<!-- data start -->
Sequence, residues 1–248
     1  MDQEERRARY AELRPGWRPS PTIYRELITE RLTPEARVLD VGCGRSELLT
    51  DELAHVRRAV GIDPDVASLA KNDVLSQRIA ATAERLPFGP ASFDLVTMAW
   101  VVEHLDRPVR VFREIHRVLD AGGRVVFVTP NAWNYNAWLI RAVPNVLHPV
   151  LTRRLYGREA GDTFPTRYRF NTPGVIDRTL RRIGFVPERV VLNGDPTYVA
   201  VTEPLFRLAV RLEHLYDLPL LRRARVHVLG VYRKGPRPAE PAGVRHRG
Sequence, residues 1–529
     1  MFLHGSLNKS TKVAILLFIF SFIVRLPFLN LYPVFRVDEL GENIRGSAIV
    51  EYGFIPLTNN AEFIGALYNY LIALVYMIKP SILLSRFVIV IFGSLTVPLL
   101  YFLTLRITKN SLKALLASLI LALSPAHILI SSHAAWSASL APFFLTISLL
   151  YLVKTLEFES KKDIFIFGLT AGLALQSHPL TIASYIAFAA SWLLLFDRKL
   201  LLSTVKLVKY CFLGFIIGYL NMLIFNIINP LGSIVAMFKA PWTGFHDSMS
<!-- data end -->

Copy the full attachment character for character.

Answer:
Sequence, residues 1–248
     1  MDQEERRARY AELRPGWRPS PTIYRELITE RLTPEARVLD VGCGRSELLT
    51  DELAHVRRAV GIDPDVASLA KNDVLSQRIA ATAERLPFGP ASFDLVTMAW
   101  VVEHLDRPVR VFREIHRVLD AGGRVVFVTP NAWNYNAWLI RAVPNVLHPV
   151  LTRRLYGREA GDTFPTRYRF NTPGVIDRTL RRIGFVPERV VLNGDPTYVA
   201  VTEPLFRLAV RLEHLYDLPL LRRARVHVLG VYRKGPRPAE PAGVRHRG
Sequence, residues 1–529
     1  MFLHGSLNKS TKVAILLFIF SFIVRLPFLN LYPVFRVDEL GENIRGSAIV
    51  EYGFIPLTNN AEFIGALYNY LIALVYMIKP SILLSRFVIV IFGSLTVPLL
   101  YFLTLRITKN SLKALLASLI LALSPAHILI SSHAAWSASL APFFLTISLL
   151  YLVKTLEFES KKDIFIFGLT AGLALQSHPL TIASYIAFAA SWLLLFDRKL
   201  LLSTVKLVKY CFLGFIIGYL NMLIFNIINP LGSIVAMFKA PWTGFHDSMS